Chrome OS devices

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Notes: Draft... (Discuss in Talk:Chrome OS devices#)

This article is to provide information on how to get Arch up and running on the Chromebook series of laptops (or netbooks) as built by Samsung, Acer, Google.

Discussion of this topic began in this forum thread:

Initially written with the intention of getting a Samsung Series 5 550 to dual boot with Arch. (Only reason for the dual boot is to potentially collect firmware changes pushed downward from Chromeos).

Model Specific Overview

(as copied from Wikipedia)

Chromebook models
Manufacturer Model Available Generation Processor RAM Storage Screen size Weight Base price
Google Cr-48 Dec 2010 Prototype 1.66 GHz Intel Atom N455 2 GB DDR3 16 GB Solid-state drive 12.1 in 3.8 lb Not for retail sale
Samsung Series 5 (XE500C21) Jun 2011 1 1.66 GHz Intel Atom N570 2 GB DDR3 16 GB Solid-state drive 12.1 in 3.06 - 3.26 lb $349.99 Wi-Fi
$449.99 3G
Acer AC700 Jul 2011 1 1.66 GHz Intel Atom N570 2 GB DDR3 16 GB Solid-state drive 11.6 in 3.19 lb $299.99 Wi-Fi
$399.99 3G
Samsung Series 5
May 2012 2 1.3 GHz Intel Celeron 867 4 GB DDR3 16 GB Solid-state drive 12.1 in 3.3 lb $449.99 Wi-Fi
$549.99 3G
Samsung Series 3
Oct 2012 3 1.7 GHz Samsung Exynos 5 Dual 2 GB DDR3 16 GB Solid-state drive 11.6 in 2.43 lb $249.99 Wi-Fi
$329.99 3G
Acer C7 Chromebook Nov 2012 3 1.1 GHz Intel Celeron 847 2 GB DDR3 320 GB HDD 11.6 in 3 lb $199.99 Wi-Fi

General Chromebook Installation


One thing to note is that if you need to claim your free 100gb of google drive space, you probably want to do that before your install of arch. This needs to happen from chromeos (version > 23) and will not work from linux. It is a good idea to use this google drive before installing Arch as it will sync/backup the chromeos system as designed.

Developer Mode

A wealth of information is at . The notes below are primarily taken from there.

The first step is to enable developer mode on the Chromebook system. Be aware that although everything in the "Downloads" area goes to your online google drive account, this will delete all stored data.


A script referenced from points to the shell script at and discusses repartitioning. The script should be run as the chronos user.

cgpt command

You'll save your self a lot of time if you understand this command before you attempt to install Arch on a chromebook.

This is NON-EXHAUSTIVE but it'll help most people reading this. cgpt --help is nice too.


cgpt showpartiton /dev/sda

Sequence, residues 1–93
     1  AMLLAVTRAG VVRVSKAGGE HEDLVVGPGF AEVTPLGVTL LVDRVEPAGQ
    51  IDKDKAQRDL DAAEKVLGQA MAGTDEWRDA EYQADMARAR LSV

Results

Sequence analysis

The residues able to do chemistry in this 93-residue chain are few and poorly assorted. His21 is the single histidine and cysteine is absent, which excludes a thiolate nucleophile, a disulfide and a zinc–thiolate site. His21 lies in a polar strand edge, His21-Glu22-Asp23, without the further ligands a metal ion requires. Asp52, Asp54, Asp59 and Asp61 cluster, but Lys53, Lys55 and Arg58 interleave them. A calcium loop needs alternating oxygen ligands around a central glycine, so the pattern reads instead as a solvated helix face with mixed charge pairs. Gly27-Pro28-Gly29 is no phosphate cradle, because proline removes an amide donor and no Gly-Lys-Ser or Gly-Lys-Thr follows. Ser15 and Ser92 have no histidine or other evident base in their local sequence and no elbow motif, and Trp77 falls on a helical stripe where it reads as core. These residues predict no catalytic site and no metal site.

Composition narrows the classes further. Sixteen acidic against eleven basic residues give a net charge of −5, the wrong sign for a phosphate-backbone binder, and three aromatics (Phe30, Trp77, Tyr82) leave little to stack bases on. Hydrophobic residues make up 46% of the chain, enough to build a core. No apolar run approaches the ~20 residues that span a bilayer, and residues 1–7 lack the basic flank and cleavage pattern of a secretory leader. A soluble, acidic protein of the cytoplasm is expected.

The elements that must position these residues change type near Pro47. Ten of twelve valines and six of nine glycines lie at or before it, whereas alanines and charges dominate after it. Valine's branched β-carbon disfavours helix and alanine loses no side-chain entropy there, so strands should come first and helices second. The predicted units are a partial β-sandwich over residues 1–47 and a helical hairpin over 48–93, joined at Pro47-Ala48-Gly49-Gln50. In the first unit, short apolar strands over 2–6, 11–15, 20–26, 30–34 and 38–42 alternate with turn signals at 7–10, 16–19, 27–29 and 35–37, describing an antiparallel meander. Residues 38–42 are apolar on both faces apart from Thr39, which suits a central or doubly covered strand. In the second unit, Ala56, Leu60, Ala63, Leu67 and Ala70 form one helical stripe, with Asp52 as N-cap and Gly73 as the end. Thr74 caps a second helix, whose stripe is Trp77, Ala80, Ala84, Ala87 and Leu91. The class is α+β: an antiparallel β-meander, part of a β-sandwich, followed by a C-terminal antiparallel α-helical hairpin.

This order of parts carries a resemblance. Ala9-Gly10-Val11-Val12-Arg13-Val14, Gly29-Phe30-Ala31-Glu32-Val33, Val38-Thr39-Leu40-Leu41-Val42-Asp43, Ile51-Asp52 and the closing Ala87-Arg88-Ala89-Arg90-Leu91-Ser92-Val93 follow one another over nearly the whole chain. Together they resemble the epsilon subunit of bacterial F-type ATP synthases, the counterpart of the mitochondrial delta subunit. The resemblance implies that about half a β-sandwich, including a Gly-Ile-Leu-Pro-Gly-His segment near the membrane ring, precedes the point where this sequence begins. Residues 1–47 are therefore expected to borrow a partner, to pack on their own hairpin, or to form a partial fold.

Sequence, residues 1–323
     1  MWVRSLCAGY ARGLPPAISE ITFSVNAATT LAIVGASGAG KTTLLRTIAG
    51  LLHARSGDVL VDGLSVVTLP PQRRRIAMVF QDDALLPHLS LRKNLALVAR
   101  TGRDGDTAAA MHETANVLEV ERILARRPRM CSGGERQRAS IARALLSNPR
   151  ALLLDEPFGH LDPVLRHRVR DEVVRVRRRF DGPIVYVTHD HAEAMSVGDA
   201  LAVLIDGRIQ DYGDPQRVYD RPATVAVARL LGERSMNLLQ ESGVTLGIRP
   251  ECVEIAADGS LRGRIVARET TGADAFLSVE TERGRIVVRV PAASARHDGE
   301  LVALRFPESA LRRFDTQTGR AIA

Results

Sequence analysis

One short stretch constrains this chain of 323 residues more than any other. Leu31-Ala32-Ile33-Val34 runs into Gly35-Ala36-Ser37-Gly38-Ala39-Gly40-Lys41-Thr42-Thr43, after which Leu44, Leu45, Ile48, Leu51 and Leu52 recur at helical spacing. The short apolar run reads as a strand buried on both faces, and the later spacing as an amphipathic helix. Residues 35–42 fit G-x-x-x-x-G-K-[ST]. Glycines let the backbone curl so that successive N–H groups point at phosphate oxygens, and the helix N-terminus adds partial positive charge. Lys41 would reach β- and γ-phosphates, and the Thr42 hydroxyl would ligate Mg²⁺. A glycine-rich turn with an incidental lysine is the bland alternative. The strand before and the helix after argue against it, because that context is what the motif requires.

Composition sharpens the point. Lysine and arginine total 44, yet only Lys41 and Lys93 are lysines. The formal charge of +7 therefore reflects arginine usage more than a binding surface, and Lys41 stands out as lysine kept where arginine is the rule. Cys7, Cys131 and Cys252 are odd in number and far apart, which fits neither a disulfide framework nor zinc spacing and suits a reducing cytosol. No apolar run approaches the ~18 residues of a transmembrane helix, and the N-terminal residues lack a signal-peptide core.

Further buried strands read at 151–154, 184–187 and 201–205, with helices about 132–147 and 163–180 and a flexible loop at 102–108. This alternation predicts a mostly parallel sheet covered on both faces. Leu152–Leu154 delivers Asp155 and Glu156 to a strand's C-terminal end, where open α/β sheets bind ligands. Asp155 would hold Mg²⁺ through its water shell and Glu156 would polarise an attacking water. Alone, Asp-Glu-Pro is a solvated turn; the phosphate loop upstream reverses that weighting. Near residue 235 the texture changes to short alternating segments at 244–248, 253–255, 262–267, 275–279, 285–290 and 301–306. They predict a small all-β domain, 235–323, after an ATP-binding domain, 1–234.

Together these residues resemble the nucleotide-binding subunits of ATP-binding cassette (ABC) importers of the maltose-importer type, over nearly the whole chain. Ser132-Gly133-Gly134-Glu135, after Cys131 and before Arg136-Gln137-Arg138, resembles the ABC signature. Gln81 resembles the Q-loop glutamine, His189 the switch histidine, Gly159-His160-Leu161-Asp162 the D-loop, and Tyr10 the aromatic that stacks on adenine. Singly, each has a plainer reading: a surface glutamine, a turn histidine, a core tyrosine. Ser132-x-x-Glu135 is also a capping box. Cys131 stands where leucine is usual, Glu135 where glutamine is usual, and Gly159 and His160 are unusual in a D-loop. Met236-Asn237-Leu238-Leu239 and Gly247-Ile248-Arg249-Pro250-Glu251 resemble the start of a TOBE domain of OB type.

to list all partitions on disk with boot information for each.


cgpt add [options] /dev/sda

used to modify boot options

 cgpt add -i 6 -P 5 -S 0 -T 1 /dev/sda

Example: modify partition #6, set priority to 5, successful to false, and boot tries to once(1), on device /dev/sda

cgpt add -i 1-12 
Partition number to change
cgpt add -P 9-0
Priority 9 > 1 (Higher number will try to boot first)
cgpt add -T 0-99
Tries, used with the successful flag. Will try to boot this partition x times until tries = 0 then it will try next lower priority partition.
cgpt add -S 0-1
Successful flag, if 1 will try to boot this partition forever. Be careful with this one! If 0 and tries > 0 it will try to boot this partition until it' out of tries.

If installing yourself, don't forget to copy this onto your arch partition!.

Samsung Series 5 550

Developer Mode

Developer mode on the Samsung Series 5 has two levels of access, "dev-switch on" and "dev-mode BIOS". With the first level you enable a command line shell, which lets you look around inside the GNU/Linux operating system, but does not let you run your own versions.

The second level of access installs a special BIOS component that provides the ability to boot your own operating systems from either removable (USB/SD) or fixed (SSD) drives. Both levels of access are completely reversible, so don't be afraid to experiment.

The second level (described above) is what we want in order to install Arch.

The switch is behind a little door on the right-hand side of the chromebook (as linked above). To enable the developer switch you open the door, use something pointy (paperclip or toothpick) to move the switch towards the back of the device, and reboot.

Warning: Be gentle with the developer switch! Some people have reported that the developer switch breaks easily.